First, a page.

The CNRP (Cambodian National Rescue Party) held a second rally this morning to ask for an electoral reform. Over 2,000 people showed up, listening to the figureheads Kem Sokha, Mu Sochua, Prince Sisowath Thomico, before marching towards the European Union offices and the UN Human Rights offices to deliver a petition. The official campaign for the general elections has not started yet, but Prime Minister Hun Sen has already accused some CNRP members of having ties with terrorists and of being republicans.
The troubling presence of some 50 tuk-tuk drivers who were demonstrating simultaneously with the CNRP rally in front of the UN Human Rights offices to deliver a petition while at the same time using extremely offensive words towards UN Human Rights envoy Sorya Subedhi, prompted the UN to ask for police protection. There were indeed a few policemen in the shadow of a tree at the corner of the street. I am not sure the tuk tuk drivers deserve a photograph in this blog though.
One year ago ‘Quest for Land’, an App for the iPad, bundling 10 years of photographs about land issues in Cambodia was released. There will be an exhibition at Meta House, on Sothearos Boulevard (yes: in Phnom Penh) to celebrate.
It is the first time these photographs will be featured in an exhibition in Cambodia.
The exhibition will be open at 6:00 PM on May 29th and last for the following 2 weeks.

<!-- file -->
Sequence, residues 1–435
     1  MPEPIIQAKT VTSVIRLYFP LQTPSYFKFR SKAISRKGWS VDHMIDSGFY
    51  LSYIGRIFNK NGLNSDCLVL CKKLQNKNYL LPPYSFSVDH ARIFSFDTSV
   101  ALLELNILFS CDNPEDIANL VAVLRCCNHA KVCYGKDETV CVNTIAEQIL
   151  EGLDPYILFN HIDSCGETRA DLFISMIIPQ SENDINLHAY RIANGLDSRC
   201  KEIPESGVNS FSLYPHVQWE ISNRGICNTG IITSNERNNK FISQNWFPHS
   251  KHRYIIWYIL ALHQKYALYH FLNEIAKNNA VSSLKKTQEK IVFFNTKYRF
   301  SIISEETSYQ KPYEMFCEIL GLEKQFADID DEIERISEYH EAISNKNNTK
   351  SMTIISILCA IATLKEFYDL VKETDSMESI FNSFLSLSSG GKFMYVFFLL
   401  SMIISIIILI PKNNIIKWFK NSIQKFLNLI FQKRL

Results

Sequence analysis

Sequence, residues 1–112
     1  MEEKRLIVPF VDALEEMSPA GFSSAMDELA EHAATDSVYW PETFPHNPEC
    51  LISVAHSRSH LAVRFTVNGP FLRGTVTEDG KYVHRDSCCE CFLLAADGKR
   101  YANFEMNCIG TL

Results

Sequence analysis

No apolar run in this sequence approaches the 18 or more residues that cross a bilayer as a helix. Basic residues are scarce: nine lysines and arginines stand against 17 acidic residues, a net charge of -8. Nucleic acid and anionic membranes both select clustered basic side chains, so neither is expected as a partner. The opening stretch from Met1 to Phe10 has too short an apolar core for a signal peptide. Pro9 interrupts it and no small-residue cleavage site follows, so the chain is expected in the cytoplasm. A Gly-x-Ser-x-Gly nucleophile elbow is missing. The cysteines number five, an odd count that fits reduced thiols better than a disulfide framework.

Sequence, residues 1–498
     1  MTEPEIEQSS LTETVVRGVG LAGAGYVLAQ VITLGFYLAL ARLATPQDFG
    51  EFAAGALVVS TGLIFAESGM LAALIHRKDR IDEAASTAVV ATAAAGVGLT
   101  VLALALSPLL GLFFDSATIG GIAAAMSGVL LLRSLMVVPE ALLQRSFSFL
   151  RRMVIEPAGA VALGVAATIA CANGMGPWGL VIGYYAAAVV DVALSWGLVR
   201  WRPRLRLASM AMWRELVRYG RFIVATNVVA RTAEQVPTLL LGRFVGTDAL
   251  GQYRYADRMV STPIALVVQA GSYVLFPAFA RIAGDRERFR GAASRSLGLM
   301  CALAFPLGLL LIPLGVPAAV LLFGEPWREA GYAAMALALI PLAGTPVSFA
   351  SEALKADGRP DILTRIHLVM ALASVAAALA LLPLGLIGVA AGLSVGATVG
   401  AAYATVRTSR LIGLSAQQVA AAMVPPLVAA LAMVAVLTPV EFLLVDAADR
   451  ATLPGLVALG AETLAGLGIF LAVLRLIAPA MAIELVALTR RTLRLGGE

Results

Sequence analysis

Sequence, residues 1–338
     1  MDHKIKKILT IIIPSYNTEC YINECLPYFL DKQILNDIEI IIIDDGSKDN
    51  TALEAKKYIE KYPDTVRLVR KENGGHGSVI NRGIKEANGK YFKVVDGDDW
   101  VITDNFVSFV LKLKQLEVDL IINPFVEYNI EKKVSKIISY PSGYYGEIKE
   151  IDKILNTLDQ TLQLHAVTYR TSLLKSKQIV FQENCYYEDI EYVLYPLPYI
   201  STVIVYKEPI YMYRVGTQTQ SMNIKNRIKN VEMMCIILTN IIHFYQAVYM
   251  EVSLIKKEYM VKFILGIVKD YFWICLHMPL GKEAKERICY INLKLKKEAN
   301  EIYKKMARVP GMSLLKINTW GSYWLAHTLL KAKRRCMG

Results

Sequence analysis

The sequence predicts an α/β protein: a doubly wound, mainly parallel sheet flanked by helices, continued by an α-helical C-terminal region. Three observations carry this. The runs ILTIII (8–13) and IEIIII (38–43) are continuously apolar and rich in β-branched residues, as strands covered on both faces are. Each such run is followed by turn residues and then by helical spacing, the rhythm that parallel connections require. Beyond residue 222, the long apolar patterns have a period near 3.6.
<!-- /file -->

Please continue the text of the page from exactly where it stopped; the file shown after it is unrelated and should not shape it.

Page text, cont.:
The exhibition is only the tip of the iceberg though… For the full experience go to iTunes: the ‘Quest for Land’ App developed by Robert Starkweather is available at THIS LINK. It contains over 700 photographs, spread over 20 chapters, and is enriched with a text by Robert Carmichael doing some in-depth analysis about the land grabbing situation in the country, and there are slideshows with soundtrack.
A short video showing you how ‘Quest for Land’ is built can be seen HERE…
A few of the photographs which will be shown at the exhibition:
Part of a storage area in the newly built Wing Star factory collapsed a few hours ago in Kompong Speu, some 50 Km from Phnom Penh, likely because of an overload. As of 11:00 AM 2 people were declared dead. The factory employs 8,000 workers who make sports shoes. Rescue teams arrived fairly quickly on the location, using modern equipment to disengage the victims. About 20 ambulances stood idle on the site.
(Updated 1:45 PM: it seems there are 3 dead and 7 injured. The factory manufactured Japanese ‘Asics’ sports shoes.)
(Updated 11:15 AM on May 17th: Not 3 but 2 deceased – 1 girl of 15 – and 9 injured. Added photographs to total 18)
My contribution to the ‘7 Days in Myanmar‘ project, gathering 30 photographers during one week in Myanmar, is now on my website in full screen size at THIS LINK.
You can also follow – and ‘Like’ – ’7 Days in Myanmar’ on Facebook at this link. The book should be published by Editions Didier Millet at the end of this year, kind of November or December.
The story description goes as follows: